LNG Industry Challenges

/LNG Industry Challenges
LNG Industry Challenges 2017-11-22T09:19:07+00:00
LNG-eXchange-Industry-challenges

LNG-eXchange-Industry-challenges

LNG Industry Challenges & Solutions

The United States is now the leading natural gas producer in the world. The shale revolution has created opportunity to export US natural gas. This potential will grow in the future. The first shipment of U.S. LNG from the lower 48 states left in February 2016 and since then the U.S. has shipped LNG to Europe, Asia and South America.

Most likely a robust natural gas export policy will enhance US energy global leadership and strengthen US economy and protect environment. Permitting and licensing new terminals open gradually exporting capabilities. LNG exports will need to find new markets.

Current challenges are circulating around: gas exchangeability, gas quality adjustment to different client specifications, long term-take or pay contracts, shipping issues (short-term chartering, protocols, documentation, tarifs), LNG Standard compatibility and testing (Cargo Assurance.

Issues such as interchangeability can be addressed through the application of technology and also through the efforts of regulatory bodies that are making efforts to consider the harmonization of gas specifications and equipment – particularly in the EU. LNG-X is involved in a dialog around “FREE LNG-X” dialog platform for regulatory issues with the participants from he LNG industry including: producers, terminals, shippers, traders and customers.

Gas Exchangeability. Interchangeability is defined by ISO13686 as ‘A measure of the degree to which characteristics of one gas resemble those of another gas. Two gases are said to be interchangeable when one gas may be substituted for the other without affecting the operation of gas burning appliances or equipment’. Quality adjustment at a liquefaction plant or regasification terminal is possible but requires additional equipment and technology to either extract or inject NGLs or balance with nitrogen. In the case of NGL extraction this could create an additional revenue stream for regasification plant but easly could add cost to the buyer. Solution for this issue could be future standardization on LNG quality and terminals design standardization allowing to adjust quality of the gas after regasification.

Long Term Contracts. The length of term of a supply or purchase contract – spot, short (1 to 2 years), medium (approximately 5 years) or long (20 years+) mostly depends on the commercial strategy of the project. Suppliers want to relocate the risk and the high capital investment of a liquefaction plant to long term contract keeping some flexibility to take advantage of higher prices on the spot markets. Solution for short term Spot LNG trading should be standard terms and conditions plus standardized shipping contract with delivery terms and transportation tariffs depending on the distance and a vessel carrier. To avoid chances of failure on deliveries LNG-X platform offers trading between verified and financially sound members.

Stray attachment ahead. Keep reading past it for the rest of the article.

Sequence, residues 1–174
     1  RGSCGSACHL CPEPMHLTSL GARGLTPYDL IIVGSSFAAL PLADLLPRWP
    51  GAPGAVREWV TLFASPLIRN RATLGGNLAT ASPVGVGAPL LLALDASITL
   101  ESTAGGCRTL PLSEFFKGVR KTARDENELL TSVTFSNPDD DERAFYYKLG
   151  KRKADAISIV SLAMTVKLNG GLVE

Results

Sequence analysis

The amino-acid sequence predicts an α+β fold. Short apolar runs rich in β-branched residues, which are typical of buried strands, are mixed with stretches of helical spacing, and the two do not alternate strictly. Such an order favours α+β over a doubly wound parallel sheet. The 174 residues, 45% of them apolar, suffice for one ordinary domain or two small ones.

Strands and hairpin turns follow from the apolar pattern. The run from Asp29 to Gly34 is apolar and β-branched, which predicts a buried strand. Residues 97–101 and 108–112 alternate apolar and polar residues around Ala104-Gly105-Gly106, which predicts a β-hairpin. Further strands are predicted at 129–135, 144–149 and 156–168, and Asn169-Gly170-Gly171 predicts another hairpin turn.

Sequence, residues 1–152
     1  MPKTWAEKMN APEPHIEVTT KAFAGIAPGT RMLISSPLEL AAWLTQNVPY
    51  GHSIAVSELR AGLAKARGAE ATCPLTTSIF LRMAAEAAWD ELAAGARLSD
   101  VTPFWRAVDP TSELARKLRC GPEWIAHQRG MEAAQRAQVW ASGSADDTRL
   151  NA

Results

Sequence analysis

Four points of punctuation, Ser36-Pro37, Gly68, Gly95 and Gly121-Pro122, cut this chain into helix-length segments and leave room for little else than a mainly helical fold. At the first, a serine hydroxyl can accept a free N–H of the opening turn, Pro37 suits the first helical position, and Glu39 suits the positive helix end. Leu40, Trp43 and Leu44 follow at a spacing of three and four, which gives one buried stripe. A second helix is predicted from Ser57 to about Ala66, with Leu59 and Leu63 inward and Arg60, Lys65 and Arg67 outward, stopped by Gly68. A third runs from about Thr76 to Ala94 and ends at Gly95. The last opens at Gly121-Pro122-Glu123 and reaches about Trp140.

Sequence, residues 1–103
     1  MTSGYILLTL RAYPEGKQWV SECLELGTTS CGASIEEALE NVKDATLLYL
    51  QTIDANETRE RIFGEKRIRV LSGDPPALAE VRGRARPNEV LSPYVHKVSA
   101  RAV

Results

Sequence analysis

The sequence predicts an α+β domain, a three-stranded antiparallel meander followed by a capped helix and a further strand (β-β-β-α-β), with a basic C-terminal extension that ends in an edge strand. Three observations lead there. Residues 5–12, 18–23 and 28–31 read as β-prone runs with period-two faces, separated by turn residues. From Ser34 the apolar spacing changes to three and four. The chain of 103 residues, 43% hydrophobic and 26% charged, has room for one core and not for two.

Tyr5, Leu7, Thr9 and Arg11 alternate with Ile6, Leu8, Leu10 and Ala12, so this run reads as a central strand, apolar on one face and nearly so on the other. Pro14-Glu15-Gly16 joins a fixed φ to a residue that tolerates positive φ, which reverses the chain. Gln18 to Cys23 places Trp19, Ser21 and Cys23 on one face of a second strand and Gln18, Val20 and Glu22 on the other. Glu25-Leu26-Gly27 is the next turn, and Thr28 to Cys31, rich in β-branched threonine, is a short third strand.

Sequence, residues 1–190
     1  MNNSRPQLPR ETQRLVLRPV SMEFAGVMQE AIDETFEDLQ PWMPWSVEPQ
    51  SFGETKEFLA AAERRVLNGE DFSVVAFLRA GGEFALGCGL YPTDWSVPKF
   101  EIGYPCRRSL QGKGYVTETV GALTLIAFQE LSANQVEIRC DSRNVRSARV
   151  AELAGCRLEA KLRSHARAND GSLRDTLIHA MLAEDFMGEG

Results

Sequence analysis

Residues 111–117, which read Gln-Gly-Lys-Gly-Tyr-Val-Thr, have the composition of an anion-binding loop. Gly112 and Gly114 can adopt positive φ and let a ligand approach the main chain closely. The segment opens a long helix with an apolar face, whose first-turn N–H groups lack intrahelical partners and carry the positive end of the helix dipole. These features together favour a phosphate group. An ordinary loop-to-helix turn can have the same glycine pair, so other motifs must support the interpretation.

Shipping Issues. With the growth of LNG spot and short term trade more LNG carriers are being constructed that are not committed to a specific project. Constructing ships that are not dedicated to a specific project, i.e. the route between liquefaction plant A and terminal B raises an interesting challenge. Not only size of the vessel matters. Almost all terminals can accommodate ships of 138,000 m3 and most will handle 155,000 to 160,000 m3 . LNG-X platform allows you to determine all of important factors to be considered before the particular cargo for the transaction is chosen.  most of these compatibility issues must be worked on long in advance of any trade so that as much flexibility as possible exists when cargoes are available for trade. The merchant’s charterer’s role is to ensure that this happens.

LNG Standard Compatibility and Testing. Historically LNG trading grew from project to project and almost no standardization was in place at that time. Numerous standards exist for design of sample points, sampling methods, analysis methods – both online and offline – and calculation of LNG quality and properties. The role of Cargo Assurance is to ensure that samples and analysis performed at both the load port and delivery terminal are as representative and accurate as possible. LNG-X Standard shipping and condition terms will address all related issues. Sampling and analysis procedures, ports compatibility, differences between the final delivered quality and the weathering models and monitoring the independent surveyors will be defined. up as shown in the diagram.